Indian IT stocks — from the likes of TCS, Infosys, Wipro, Tech Mahindra, and HCL Technologies — are in focus on Dalal Street as investors and policymakers globally are divided over whether a recession is coming in the world’s largest economy. That is at a time when IT companies are already struggling against shrinking margins, thanks to higher spending to tackle high levels of attrition.
Fears of a recession are keeping investors nervous at a time when many analysts have already warned of more downside in the IT space on the Street.
Weakness in the rupee — which is still within inches from an all-time low against the US dollar — is also weighing on investors’ minds, as depreciation in the currency increases the value of earnings from foreign markets for export-heavy businesses such as IT companies.
Is a recession really coming and is there a silver lining?
According to Nomura, a recession is likely in the US. “The Fed’s commitment to restoring price stability will likely push the economy into a downturn,” the brokerage said.
It believes a mild recession in the world’s largest economy is “more likely than not” starting the fourth quarter of 2022. Nomura sees the US GDP declining 1 percent on a year-on-year basis in 2023 — in stark contrast to its previous forecast of a 1.3 percent expansion.
Nomura is of the view that the combination of sticky inflation and the Fed’s “single-mandate” to curb it will be among the key factors behind the possible downturn. “The Fed’s efforts to realign demand with depressed supply to rein in price pressures will ultimately drive the economy into a mild recession,” it warned.
However, US Treasury Secretary Janet Yellen believes that a recession in the US is “not inevitable”. Her remarks came days after the Fed announced its steepest hike in the key interest rate since 1994.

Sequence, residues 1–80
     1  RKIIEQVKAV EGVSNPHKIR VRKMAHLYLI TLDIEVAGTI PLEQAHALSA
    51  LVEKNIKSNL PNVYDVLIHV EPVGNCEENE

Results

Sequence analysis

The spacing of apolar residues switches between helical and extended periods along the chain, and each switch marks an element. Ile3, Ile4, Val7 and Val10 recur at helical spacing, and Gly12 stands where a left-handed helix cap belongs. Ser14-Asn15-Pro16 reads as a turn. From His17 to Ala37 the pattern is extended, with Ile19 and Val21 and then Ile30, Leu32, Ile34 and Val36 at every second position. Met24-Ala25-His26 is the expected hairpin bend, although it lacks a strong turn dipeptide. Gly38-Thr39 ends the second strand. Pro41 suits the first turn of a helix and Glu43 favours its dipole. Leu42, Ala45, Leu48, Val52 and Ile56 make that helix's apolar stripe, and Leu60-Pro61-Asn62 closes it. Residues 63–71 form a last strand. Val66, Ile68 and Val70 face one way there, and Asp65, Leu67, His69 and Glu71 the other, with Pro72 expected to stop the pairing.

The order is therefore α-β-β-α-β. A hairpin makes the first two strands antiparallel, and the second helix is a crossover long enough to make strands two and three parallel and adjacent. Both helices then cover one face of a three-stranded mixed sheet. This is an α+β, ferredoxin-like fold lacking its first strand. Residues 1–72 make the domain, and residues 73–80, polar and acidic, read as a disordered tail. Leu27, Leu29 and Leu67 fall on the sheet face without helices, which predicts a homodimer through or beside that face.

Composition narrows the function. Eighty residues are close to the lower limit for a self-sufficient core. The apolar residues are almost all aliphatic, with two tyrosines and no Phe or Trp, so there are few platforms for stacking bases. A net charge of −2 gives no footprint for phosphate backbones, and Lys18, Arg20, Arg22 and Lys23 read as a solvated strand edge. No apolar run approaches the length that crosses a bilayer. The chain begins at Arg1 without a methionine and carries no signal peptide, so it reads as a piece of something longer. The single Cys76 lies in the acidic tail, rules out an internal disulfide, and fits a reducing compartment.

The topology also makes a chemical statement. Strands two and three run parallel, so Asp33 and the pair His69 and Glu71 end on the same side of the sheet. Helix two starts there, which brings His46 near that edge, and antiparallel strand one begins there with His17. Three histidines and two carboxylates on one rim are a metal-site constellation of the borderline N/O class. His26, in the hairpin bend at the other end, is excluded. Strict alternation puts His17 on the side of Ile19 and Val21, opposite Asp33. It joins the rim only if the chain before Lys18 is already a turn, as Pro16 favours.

The Fed’s hawkish move to tame a 40-year high in US inflation sent shockwaves to the global financial markets, already worried about the possibility of economic contraction.
Nomura, however, added that consumer fundamentals remain on a historically solid footing.
Some analysts are more concerned about the possibility of a recession in the US regardless of the healthy demand for Indian IT.
Deepak Jasani, Head of Retail Research at HDFC Securities, expects global IT spending to grow 4-7 percent in 2022 and 2023 as against 6-8 percent earlier. That is despite good demand as indicated by the number of open positions, the size of the sales funnel, the pace of hiring and the offer-to-joining ratio, he told CNBCTV18.com.
“A shallow and swift recession can result in clearer priorities by clients on outsourcing decisions and programs. From a service provider’s view, a recession can bring down the high attrition faced by all IT players, allow much-needed streamlining to the cost structure and allow them to improve execution,” he said.
Jasani felt that while demand for cost savings increases from clients during a recession, the impact is offset by a cut in variable compensation and rupee depreciation.
Should investors worry?
There could be a further correction in the Indian IT space if demand slows down, according to Harsha Upadhyaya, CIO-Equity at Kotak Mutual Fund. He feared that slower demand for the IT pocket could make things much worse for investors.
“The market is possibly looking at some margin contraction and some derating in terms of valuation, but still not building in any slower demand for IT companies. If you look at IT sector valuations, they are still trading at almost one standard deviation above the long-term averages,” he told CNBC-TV18.
“To that extent, if there is any disappointment on the business momentum, we could see IT companies correct further,” he said.
Jasani has four preferred picks from the IT basket: Infosys, HCL Tech, Mphasis, and Tech Mahindra.
First Published: IST